CHAPTER VII. ENVIRONMENTAL SUSTAINABILITY
• Comment regarding the statement on Page 72 regarding ethanol and biodiesel use … ”With the exception of 10 percent ethanol and five percent biodiesel, the requisite codes and standards are not in place that would allow the traveling public or commercial carriers to use alternative fuel.” -- This is a partially correct statement. The EPA has granted waivers for fuel containing up to 15% ethanol (E15) gasoline for model year 2001 and newer cars and light truck. However, according to DOE, there are more than 90 state laws and regulations currently limiting sales of E15 in more than 30 states. Some state restrictions in conflict include a 10% ethanol blend cap, state biofuels mandates, technical fuel specification standards, and waivers. EPA has, however, approved the sale of E-15 gasoline blends at limited locations in six states to date. As for 85% ethanol (E85) gasoline, there are already more than 2,400 U.S. fueling stations that offer E85 to the over 8 million flex-fuel vehicles on U.S. roadways. E85 is available in more than 40 states with a concentration in the Corn Belt states. Regarding biodiesel use, blends of up to 19% biodiesel (B-19), are currently sold in the U.S. and biodiesel retail sales above 5% blends across the country are not uncommon. Specific to trucking, almost all truck warranties allow the use of up to B20 biodiesel blends. Biodiesel is also required to meet ASTM 975 quality standards as well.
• Comment regarding truck speed governors as an additional sustainability strategy -- DOT should add the concept of reducing speed as a strategy to reduce foreign oil dependence and carbon emissions. Current ATA policy calls for all new Class 7 and 8 trucks to have their top speed electronically limited to no more than 65 mph at the time of manufacture. The goal of this initiative is to assure that both environmental and safety benefits of setting a maximum governed truck speed are realized across the trucking industry and by the motoring public. ATA petitioned the U.S. Department of Transportation (DOT) to initiate a rulemaking to implement the adopted policy. In 2011, NHTSA granted petitions of ATA and the Road Safe America (RSA) Coalition to establish a safety standard to require devices that would limit the speed of certain heavy trucks. The industry now awaits an NPRM from NHTSA to mandate speed governors in Class 7 & 8 trucks.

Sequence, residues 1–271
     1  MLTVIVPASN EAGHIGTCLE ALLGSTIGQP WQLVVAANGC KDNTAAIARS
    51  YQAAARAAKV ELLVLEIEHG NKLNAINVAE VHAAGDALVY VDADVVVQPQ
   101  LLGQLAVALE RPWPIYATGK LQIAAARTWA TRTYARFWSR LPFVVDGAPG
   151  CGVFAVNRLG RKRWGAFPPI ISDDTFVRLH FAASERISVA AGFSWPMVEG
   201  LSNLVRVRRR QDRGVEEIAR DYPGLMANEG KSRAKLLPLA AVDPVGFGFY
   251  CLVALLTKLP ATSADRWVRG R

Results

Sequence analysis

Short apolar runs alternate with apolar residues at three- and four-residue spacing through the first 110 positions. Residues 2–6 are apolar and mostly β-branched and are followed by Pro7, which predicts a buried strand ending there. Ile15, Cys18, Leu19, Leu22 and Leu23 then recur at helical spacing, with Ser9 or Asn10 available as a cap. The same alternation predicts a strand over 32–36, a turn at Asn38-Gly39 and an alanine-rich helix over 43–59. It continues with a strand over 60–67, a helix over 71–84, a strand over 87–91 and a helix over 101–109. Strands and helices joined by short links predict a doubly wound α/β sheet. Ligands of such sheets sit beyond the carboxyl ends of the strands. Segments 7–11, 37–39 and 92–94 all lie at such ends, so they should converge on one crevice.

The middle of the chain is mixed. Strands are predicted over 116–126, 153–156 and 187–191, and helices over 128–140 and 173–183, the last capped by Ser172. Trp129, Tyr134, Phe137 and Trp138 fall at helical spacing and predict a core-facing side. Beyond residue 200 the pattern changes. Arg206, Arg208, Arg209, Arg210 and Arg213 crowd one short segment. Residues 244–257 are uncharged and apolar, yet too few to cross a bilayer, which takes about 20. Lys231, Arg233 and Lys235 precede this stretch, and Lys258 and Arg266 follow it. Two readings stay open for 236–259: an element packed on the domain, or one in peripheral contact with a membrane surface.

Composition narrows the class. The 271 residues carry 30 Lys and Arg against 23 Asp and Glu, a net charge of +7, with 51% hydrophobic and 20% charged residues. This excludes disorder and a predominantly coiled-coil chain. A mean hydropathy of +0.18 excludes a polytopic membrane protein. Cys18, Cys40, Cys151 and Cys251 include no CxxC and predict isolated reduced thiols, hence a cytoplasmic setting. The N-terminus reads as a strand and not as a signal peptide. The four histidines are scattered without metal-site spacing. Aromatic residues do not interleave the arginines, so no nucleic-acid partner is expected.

• Comment regarding DOT and EPA joint greenhouse gas/fuel consumption regulations for trucks on Page 65 -- While DOT references the aforementioned rule for model year 2014-2018 trucks (given the 5-year strategy planning objective), there is no reference to the second round of regulations currently under development by EPA and NHTSA which will take effect post 2018. NHTSA, under the authority of the Energy Independence and Security Act of 2007, is currently working with the National Academies in assessing truck fuel consumption strategies to be considered in the second phase of the rule. A final report is likely due in 2015. ATA recommends that these current efforts should be referenced in the report given the significant impact this work will have on the industry’s fuel consumption levels and its carbon footprint beyond 2018.
• Comment regarding natural gas use in the industry on Page 72 – Natural gas use in transportation is listed under the “External Risk Factor” category and is not even referenced in the first paragraph as a transitional fuel. While not expected to supplant diesel fuel in the short-term planning timeframe, the potential for trucks transitioning to this cheaper and lower greenhouse gas/particulate matter/nitrogen oxide emitting fuel should be given more deference in the plan. While the refuse and bus industry has widely embraced the use of natural gas for quite some time, an orderly transition to natural gas as an alternative transportation fuel for trucking continues to gain momentum.